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The History of Leeks


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Leeks are a member of the onion and garlic family

Origin of name
comes from an old Germanic word Lauka

Irish, Wales?

Leeks in Egyptian Times
Leeks were likely cultivated in ancient Egyptian times. There are writings that state that services were paid in a barter like fashion with items like oxen, beer and leeks.

There are Egyptian tombs that have pictures of leeks on them also records show the Israelites
when fleeing Egypt, regretted leaving cucumbers, melons and leeks.


Some Books used in this article

Food: A Culinary History (European Perspectives)  

The Oldest Cuisine in the World: Cooking in Mesopotamia



The Irish Country Kitchen  


Feasting Galore Irish-Style: Recipes and Food Lore from the Emerald Isle  



Leeks in Roman Times
The emperor Nero was a lover of leeks. He ate so
many he was often referred to as the leek eater.
He believed they would improve his singing voice.

Leeks In the oldest cookbook in the world

The famous cookbook writer in 3rd century Rome, Apicus
credited with writing the world's first cookbook,
recorded that the best leeks came from Egypt, and
they were a vegetable to be served in their own right
like asparagus. While onions are garlic were
considered just a vegetable for seasoning.

This is translated from a book of Apicus recipes, from the Kansas State Library

Vegetable Dinner, easily digested - page 23

All green vegetables are suited for this purpose very young beets and well matured leeks are parboiled; arrange them in a baking dish, grind pepper and cumin, add broth and condensed must, or anything else to sweeten them a little, heat and finish them on a slow fire, and serve.

Leeks in the European commonwealth

No one knows for sure whether leeks came to the north by way of Egypt or how.
There are some that believe that Phoenicians

It would be easy to come to the conclusion that they are indigenous to the region
because they thrive in the cold weather. they can last in the ground up to 10 below 0
F. and can be planted early in winter so they can be growing in early spring.

Leeks actually do not grow well when it gets too warm.

How Leeks are Cultivated

Leeks are planted in Rows like asparagus. The soil is often heaped up around the stem so there is more white bulb.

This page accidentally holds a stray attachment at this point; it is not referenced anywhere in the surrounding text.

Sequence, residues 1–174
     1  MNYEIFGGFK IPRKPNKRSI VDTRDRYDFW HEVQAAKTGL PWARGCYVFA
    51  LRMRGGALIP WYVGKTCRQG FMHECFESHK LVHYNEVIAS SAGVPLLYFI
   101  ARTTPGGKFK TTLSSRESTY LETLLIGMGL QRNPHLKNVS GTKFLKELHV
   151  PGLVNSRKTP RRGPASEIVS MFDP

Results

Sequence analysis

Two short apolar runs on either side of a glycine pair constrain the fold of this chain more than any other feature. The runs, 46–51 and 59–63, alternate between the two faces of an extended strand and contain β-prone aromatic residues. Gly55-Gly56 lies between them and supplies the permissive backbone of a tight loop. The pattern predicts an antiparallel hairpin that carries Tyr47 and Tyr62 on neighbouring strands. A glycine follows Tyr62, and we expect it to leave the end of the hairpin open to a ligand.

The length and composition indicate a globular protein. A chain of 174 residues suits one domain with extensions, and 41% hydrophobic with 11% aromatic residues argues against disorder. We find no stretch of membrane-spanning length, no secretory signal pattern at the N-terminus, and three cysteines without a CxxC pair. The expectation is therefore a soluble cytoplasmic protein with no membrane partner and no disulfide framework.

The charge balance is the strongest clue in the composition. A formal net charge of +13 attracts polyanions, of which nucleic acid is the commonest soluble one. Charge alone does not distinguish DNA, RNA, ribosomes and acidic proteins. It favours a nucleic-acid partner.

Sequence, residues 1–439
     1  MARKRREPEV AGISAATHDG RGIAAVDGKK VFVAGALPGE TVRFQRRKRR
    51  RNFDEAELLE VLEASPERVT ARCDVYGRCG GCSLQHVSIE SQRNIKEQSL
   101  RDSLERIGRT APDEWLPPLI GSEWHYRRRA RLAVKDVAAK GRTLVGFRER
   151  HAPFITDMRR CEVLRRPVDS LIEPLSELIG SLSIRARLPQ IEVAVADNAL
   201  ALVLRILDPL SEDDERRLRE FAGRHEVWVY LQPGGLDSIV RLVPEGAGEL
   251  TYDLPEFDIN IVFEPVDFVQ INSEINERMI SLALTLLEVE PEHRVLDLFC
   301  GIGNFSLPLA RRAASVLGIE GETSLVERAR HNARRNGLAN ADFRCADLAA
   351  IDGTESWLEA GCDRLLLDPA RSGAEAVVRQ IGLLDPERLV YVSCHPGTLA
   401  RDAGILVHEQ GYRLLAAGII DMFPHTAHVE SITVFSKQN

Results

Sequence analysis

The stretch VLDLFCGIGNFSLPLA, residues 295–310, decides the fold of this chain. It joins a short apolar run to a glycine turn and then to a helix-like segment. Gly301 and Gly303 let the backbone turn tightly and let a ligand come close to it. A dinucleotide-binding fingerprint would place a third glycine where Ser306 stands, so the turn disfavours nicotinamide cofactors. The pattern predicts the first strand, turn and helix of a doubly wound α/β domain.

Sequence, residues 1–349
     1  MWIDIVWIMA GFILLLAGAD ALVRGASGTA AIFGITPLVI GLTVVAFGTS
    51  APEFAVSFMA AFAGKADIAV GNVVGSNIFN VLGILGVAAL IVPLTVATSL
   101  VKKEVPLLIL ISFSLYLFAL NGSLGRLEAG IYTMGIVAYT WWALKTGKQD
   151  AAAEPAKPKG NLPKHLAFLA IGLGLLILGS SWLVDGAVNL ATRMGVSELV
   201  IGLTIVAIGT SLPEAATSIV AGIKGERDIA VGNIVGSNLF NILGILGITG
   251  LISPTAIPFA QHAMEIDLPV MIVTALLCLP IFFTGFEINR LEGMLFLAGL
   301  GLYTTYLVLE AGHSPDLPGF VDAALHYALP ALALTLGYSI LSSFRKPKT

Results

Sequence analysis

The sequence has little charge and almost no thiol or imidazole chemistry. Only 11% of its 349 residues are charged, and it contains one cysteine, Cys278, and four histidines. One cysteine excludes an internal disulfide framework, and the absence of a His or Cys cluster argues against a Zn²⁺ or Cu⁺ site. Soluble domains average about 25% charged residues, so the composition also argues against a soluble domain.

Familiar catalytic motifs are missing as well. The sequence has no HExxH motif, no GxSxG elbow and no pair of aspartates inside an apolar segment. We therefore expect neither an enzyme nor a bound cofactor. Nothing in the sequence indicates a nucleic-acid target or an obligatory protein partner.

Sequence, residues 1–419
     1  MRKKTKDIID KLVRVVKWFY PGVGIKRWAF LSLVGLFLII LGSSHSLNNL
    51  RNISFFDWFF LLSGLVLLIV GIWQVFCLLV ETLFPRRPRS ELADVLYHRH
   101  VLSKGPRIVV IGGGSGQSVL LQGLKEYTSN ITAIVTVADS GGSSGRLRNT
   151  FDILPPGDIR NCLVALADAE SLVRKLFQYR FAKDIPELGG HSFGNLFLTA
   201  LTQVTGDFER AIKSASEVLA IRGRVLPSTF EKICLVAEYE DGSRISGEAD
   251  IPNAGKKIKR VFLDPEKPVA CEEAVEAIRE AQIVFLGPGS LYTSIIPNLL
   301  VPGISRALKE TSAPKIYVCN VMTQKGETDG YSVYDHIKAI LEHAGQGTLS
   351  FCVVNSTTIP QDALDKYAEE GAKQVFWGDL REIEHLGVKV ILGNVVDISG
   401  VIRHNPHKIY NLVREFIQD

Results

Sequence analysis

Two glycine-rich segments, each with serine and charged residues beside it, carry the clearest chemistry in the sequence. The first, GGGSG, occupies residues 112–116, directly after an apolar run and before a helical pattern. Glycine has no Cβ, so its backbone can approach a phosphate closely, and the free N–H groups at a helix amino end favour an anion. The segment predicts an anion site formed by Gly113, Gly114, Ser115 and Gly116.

What are Wild Leeks?

Wild leeks grow around the Irish sea and in Wales as well as many places around the world

An Irish legend

The Irish love leeks and use it widely in many recipes.
there is an old Irish legend that says that St. Patrick was consoling a dying woman. She told him that in a vision she had seen an herb floating in the air, and that it had been revealed to her that unless she ate it she would die. The saint asked her what kind of herb it was. She told him that it looked like rushes. Thus St. Patrick transformed some rushes into leeks; she ate them and was cured.

This legend may be why the Irish have adopted the leek as their own.


Why is the leek on the national emblem of Wales ?

Wales, an island off the shore from Ireland has the leek as well as the daffodil is their national emblem.

On St. David's Day, Welshmen wear a daffodil or leek Stem in their buttonholes in memory of the victory of King Caldwallader over the Saxons in 640 A.D.

In this battle the Welsh avoided striking the wrong fighters by wearing leeks in their caps so they could tell who they are. That should hold up in the Geneva convention.

However it probably gained it's notoriety because of it's importance in the Welsh diet especially during lent.

St. David's Day Parade Cardiff, Wales

Grilled Leeks

Brotchan Foldchep
leek and potato or oatmeal soup


Food: A Culinary History , Jean-Louis Flandrin & Massimo Montanari, chapter 2: The Social Functions of Banquets in the Earliest Civilizations (Mesopotamian feasts) (p. 32-7)

The Oldest Cuisine in the World: Cooking in Mesopotamia , Jean Bottero (includes modernized recipes)
Plugging the leaks about leeks

Plugging Leaks about Leeks,
Published: March 25, 2008


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March 13, 2009